Broken

Well, my fifteen-year old son has gone and gotten himself kicked out of camp. It doesn’t appear serious–typical adolescent experimentation–but it’s darn inconvenient.  At least, I hope that’s all it is.  The hard part is that the trust we’ve built over the past few years is broken. Which makes parenting a lot harder.

If there is one message I have in my life (both family and ministry) it is that trust is precious.  To trust ourselves is hard enough, but to trust another? It takes courage.  To trust is to make one’s self vulnerable.  When trust is broken, everybody is hurt.  I think of this a lot in the context of our congregation.  It’s so clear that trust is vital to community health. And it’s not just harmed when someone doesn’t live up to our trust. It’s also harmed when a person refuses to trust others in the community.

In our congregation, we don’t have a Board of Directors, we have a Board of Trustees.  I love that word, “trustee.”  These are the people in whom we place our trust.  They serve the congregation and are entrusted with leadership.  And they take the job seriously.  I have never had a trustee who didn’t.  They may not always work in the ways that I would like, or understand to mission and vision of the church in the same way as others, but they have always, always, been worthy of my trust.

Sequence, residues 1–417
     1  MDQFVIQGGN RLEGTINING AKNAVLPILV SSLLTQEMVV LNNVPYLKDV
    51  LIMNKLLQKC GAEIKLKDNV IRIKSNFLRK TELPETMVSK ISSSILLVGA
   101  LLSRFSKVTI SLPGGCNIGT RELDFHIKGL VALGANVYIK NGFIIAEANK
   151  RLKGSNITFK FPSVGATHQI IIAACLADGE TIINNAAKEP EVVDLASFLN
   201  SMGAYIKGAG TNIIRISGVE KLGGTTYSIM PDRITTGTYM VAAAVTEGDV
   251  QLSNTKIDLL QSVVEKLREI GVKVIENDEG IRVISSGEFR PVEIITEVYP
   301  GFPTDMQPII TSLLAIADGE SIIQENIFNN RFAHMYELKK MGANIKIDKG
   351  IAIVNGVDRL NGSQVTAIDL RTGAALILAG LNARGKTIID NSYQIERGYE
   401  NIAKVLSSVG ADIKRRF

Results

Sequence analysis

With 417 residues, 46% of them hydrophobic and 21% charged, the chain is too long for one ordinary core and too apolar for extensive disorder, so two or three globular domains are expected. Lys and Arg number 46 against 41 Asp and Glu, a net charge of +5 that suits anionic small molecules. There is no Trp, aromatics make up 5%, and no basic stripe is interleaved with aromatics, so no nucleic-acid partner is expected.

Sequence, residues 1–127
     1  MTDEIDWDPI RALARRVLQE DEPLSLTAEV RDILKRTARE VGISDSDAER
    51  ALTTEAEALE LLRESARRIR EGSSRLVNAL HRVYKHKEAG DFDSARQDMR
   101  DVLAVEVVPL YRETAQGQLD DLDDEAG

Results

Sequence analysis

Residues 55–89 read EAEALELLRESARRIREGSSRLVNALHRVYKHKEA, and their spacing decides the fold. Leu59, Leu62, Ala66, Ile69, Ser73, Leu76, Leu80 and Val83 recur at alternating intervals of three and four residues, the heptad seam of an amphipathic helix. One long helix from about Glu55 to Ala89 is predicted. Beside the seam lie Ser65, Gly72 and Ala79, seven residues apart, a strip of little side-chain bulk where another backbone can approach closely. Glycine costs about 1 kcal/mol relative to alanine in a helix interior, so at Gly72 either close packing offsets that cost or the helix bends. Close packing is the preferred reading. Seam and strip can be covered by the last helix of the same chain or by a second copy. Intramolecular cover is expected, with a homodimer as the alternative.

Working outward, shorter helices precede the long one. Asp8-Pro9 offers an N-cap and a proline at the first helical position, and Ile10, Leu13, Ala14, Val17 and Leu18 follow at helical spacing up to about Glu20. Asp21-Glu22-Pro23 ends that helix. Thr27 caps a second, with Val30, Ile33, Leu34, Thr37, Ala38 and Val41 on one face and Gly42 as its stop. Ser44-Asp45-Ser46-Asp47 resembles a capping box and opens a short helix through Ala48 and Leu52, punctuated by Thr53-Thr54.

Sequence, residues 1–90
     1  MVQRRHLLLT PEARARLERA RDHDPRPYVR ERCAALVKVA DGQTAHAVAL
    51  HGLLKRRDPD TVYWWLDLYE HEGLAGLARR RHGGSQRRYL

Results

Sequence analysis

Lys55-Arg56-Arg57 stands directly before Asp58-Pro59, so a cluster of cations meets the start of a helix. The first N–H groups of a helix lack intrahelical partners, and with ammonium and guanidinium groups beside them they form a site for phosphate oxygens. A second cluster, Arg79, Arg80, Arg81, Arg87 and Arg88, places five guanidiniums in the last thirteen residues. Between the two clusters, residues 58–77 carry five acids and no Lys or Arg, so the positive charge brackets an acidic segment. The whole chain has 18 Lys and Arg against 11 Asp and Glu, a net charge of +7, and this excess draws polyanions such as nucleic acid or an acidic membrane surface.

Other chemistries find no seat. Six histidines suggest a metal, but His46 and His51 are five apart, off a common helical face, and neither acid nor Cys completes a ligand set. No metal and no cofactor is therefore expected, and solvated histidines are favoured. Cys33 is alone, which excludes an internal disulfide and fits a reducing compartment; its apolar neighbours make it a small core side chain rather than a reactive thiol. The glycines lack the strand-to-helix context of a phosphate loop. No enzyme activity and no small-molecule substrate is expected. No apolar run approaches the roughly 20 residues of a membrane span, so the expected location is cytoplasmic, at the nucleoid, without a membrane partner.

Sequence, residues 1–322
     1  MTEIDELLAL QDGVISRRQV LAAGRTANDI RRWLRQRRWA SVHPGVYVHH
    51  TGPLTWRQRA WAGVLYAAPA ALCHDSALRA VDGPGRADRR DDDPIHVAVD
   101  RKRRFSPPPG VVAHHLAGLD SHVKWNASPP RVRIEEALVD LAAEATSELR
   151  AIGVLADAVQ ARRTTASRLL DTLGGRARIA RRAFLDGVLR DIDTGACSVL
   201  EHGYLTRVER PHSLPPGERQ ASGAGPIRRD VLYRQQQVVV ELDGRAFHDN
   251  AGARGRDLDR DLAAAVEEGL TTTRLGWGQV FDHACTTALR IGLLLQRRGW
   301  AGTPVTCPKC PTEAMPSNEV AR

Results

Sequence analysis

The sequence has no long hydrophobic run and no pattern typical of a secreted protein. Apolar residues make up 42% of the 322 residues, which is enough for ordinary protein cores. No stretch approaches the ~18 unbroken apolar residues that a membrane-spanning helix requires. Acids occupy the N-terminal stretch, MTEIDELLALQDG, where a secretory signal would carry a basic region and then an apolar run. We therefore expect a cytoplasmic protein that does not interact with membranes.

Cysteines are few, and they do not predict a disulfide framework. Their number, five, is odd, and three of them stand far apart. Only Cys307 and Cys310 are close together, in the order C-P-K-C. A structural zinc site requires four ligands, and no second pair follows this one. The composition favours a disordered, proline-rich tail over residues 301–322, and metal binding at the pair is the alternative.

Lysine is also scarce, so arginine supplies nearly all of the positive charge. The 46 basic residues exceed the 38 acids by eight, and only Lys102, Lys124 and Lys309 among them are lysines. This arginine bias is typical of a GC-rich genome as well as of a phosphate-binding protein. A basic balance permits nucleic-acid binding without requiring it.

I think the giving and receiving of trust is sacred.  Our Unitarian Universalist tradition is covenantal, not creedal.  That means what binds us together is not shared belief, but a willingness to enter into trusted relationship with one another. What holy work! And work that demands so much of us.  We don’t belong because we believe the same things, we belong because we have chosen to trust this community and in turn, be entrusted with what is precious–the encouragement of other people to spiritual growth.

As for my son, trust will grow again.  There will be some hard days, even weeks, ahead.  We will both struggle to rebuild what has been broken.  The breaking makes me sad, but I know that even this is an opportunity to learn new ways to love and to experience the grace of learning to trust again.  In the meantime, we will muddle through.

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